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“We’ve been told no on the dye,” he said.

The Washington Times asked the JIEDDO press office if the situation with Fatima has improved in the month since Gen. Barbero’s testimony. A spokeswoman declined to comment.

As Fatima stiff-arms the U.S. military, it is eyeing a chunk of the American fertilizer market.

Jim McGoff, counsel for the Indiana Finance Authority, told The Times that Fatima has created the Midwest Fertilizer Corp. and plans to build its first U.S. plant in that state.

Fatima is capitalizing on a 2008 federal disaster relief law that allows its company to obtain financing through Indiana’s municipal bond market. The law allows the bond buyer, or lender, to pay no or limited taxes on the bond’s interest, which means that Fatima would pay 5 percent interest instead of 7 percent.

“The federal benefit bestowed to the borrower would be the 2 percent differential,” Mr. McGoff said. “The growth repayment of their obligations is much cheaper.”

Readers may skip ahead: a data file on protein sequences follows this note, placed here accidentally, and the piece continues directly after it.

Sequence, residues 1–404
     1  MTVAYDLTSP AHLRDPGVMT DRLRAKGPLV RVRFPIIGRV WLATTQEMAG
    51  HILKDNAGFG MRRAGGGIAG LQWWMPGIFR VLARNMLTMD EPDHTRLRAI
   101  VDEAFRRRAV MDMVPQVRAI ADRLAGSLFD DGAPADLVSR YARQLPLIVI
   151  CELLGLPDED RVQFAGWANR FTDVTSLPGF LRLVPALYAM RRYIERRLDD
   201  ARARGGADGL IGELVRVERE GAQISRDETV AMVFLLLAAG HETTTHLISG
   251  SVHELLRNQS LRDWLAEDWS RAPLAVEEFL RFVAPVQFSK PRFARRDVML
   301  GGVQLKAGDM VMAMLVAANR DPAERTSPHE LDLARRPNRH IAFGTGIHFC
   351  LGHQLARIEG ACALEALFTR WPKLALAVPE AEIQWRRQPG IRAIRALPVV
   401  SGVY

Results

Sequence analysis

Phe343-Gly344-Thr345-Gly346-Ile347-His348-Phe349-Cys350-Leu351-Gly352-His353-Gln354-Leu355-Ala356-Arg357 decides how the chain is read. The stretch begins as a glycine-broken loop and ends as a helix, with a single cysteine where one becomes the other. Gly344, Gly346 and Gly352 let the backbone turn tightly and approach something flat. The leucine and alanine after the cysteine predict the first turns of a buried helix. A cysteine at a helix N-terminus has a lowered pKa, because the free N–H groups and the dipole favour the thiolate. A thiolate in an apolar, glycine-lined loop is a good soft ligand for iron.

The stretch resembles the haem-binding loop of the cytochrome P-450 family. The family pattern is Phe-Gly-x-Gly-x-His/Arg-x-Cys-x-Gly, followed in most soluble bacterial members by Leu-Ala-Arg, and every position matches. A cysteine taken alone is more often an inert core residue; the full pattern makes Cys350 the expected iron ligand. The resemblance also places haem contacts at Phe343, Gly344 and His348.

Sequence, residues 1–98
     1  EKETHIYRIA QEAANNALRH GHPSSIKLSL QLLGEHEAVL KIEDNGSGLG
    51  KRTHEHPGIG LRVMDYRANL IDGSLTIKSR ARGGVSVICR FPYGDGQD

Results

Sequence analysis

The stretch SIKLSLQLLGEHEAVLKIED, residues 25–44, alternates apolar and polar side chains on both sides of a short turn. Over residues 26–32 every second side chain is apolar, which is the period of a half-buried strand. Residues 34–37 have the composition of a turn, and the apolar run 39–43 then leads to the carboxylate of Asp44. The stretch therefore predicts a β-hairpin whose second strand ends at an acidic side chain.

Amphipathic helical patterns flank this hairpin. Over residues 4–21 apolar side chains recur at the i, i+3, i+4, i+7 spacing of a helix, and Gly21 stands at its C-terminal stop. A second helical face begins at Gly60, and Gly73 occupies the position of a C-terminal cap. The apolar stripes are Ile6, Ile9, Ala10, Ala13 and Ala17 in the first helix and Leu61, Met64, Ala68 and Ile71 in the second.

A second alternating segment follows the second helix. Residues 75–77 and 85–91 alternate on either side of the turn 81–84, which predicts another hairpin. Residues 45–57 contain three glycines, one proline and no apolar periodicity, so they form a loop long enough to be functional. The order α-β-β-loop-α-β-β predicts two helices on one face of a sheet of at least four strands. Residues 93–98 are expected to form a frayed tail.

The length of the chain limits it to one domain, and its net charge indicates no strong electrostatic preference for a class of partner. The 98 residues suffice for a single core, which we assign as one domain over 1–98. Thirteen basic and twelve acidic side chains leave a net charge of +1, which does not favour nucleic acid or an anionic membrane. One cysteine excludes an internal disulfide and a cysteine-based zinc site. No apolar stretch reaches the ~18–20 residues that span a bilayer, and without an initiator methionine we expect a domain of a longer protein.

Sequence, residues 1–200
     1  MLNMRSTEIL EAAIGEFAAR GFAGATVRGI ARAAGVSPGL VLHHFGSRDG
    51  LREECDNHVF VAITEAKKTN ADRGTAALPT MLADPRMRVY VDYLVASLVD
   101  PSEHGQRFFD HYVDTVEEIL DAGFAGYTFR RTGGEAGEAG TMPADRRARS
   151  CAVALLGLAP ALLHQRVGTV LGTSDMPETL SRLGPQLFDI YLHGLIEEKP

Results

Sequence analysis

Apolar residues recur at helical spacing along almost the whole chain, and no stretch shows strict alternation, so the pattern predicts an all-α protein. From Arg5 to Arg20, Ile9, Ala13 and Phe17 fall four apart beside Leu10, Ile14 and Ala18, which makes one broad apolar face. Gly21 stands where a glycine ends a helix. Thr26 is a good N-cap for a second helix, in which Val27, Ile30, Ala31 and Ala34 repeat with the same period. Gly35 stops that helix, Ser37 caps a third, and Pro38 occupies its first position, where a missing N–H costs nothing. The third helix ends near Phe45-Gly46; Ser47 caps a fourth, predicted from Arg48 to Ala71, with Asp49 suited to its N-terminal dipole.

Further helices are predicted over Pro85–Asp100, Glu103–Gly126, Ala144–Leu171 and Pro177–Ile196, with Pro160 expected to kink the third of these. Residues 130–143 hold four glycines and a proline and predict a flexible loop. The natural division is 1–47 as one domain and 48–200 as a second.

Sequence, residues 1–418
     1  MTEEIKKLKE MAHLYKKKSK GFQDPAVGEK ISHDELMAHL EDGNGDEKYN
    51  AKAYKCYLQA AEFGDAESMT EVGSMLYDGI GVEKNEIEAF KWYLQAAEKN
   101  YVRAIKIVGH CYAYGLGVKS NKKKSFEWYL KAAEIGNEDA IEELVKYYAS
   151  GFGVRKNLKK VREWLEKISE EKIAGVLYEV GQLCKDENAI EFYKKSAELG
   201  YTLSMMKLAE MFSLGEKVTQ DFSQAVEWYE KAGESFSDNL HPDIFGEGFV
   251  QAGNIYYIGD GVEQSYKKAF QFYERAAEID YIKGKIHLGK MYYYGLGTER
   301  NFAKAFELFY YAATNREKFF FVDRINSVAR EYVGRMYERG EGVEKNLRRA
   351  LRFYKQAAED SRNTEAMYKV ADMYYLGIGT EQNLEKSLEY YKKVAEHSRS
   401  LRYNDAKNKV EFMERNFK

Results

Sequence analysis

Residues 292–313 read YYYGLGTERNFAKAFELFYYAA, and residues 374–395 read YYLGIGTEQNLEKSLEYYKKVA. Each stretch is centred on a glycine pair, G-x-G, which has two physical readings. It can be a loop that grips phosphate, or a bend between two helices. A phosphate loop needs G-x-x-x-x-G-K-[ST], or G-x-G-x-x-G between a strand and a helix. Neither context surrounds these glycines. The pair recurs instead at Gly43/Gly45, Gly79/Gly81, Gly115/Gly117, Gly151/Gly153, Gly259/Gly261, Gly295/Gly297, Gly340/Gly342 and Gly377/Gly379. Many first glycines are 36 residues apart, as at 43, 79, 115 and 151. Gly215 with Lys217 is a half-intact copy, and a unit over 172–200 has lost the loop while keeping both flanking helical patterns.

Midwest Fertilizer “is a new entity that is being incorporated and will be registered in the state of Indiana. And it will be a subsidiary of a company that is Fatima Group,” Mr. McGoff said. “My understanding is this is a startup, a first endeavor for the Fatima Group in the United States.”

Indiana state records show that Midwest was registered in Indiana in September at a time when the Pentagon says Fatima continued to be uncooperative in fighting homemade bombs.

Besides the CAN-Fatima issue, Gen. Barbero had more bad news when it comes to Pakistan and countering homemade bombs.

In July, Pakistan agreed to a military-to-military cooperation framework. At the time of his Dec. 13 testimony, the agreement “remains in its original draft form, with no progress,” Gen. Barbero said.